A good understanding of stock recruitment is essential for accurate stock assessment and good fisheries management. But recruitment and how it is used can be difficult to understand. This publication uses a recent Florida spotted seatrout stock assessment as an example to show how the stock-recruit relationship allows managers to determine whether or not a given fish population is overfished.
Addis, D., B. Mahmoudi, J. O’Hop, and R. Muller. 2018. “The 2016 Stock Assessment of Spotted Seatrout, Cynoscion nebulosus, in Florida.” Florida Fish and Wildlife Conservation Commission Florida Fish and Wildlife Research Institute, IHR number 2018-003. Available at: https://f50006a.eos-intl.net/ELIBSQL12_F50006A_Documents/IHR2018-003.Addis.2016SASS.pdf
Beverton, R. J., and S. J. Holt. 1957. “On the Dynamics of Exploited Fish Populations.” United Kingdom Ministry of Agriculture and Fisheries, Fishery Investigations, Series II, 19.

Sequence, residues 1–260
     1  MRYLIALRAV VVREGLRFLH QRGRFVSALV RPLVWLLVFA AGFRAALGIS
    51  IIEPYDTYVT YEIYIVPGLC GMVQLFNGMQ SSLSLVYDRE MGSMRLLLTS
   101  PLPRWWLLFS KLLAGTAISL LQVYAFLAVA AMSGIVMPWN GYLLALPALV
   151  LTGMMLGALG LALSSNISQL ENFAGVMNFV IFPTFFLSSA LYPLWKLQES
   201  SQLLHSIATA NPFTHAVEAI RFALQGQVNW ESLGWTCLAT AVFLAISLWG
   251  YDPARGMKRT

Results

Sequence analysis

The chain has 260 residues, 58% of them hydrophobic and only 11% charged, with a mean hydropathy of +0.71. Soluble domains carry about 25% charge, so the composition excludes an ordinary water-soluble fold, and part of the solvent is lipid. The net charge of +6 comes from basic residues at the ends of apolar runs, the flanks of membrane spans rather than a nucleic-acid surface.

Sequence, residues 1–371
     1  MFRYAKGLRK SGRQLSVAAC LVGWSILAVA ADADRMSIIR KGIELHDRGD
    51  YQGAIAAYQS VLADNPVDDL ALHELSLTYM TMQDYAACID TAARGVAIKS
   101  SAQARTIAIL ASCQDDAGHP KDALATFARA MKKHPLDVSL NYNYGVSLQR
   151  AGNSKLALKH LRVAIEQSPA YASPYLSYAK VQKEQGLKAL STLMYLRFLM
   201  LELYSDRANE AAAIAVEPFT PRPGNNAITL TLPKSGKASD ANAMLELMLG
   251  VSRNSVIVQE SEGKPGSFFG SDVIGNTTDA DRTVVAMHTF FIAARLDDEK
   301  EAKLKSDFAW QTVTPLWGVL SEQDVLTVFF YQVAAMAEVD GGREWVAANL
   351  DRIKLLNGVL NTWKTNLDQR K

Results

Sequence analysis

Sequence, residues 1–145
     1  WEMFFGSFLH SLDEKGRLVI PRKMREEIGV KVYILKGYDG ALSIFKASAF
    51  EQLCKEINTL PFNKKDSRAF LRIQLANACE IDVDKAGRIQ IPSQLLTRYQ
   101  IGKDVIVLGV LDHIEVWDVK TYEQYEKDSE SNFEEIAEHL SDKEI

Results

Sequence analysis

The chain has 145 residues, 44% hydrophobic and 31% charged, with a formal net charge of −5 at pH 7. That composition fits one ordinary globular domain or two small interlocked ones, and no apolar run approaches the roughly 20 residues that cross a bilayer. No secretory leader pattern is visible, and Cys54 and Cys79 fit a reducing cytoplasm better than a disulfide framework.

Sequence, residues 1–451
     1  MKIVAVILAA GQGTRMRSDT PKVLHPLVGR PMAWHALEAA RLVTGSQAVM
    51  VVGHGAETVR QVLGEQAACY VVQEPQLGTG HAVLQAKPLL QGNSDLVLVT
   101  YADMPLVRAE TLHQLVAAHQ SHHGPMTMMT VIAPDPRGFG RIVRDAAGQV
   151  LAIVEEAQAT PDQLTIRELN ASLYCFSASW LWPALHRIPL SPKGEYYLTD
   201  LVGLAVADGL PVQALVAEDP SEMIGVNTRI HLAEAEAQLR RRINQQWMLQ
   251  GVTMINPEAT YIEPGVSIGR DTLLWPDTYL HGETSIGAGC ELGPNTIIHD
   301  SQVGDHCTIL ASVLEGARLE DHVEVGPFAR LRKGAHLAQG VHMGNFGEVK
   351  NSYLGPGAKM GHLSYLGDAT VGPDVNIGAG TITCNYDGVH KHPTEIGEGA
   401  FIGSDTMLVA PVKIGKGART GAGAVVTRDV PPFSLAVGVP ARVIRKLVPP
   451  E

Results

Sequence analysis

Goodwin, N. B., A. Grant, A. L. Perry, N. K. Dulvy, and J. D. Reynolds. 2006. “Life History Correlates of Density-Dependent Recruitment in Marine Fishes.” Canadian Journal of Fisheries and Aquatic Sciences 63 (3): 494–509. https://doi.org/10.1139/f05-234
Legault, C. M., and E. N. Brooks. 2013. “Can stock-recruitment points determine which spawning potential ratio is the best proxy for maximum sustainable yield reference points?” ICES Journal of Marine Science 70 (6): 1075–1080. https://doi.org/10.1093/icesjms/fst105
Myers, R. A., K. G. Bowen, and N. J. Barrowman. 1999. “Maximum Reproductive Rate of Fish at Low Population Sizes. Canadian Journal of Fisheries and Aquatic Sciences 56 (12): 2404–2419.
Walters, C. J., and S. Martell. 2004. Fisheries Ecology and Management. Princeton University Press, Princeton, New Jersey.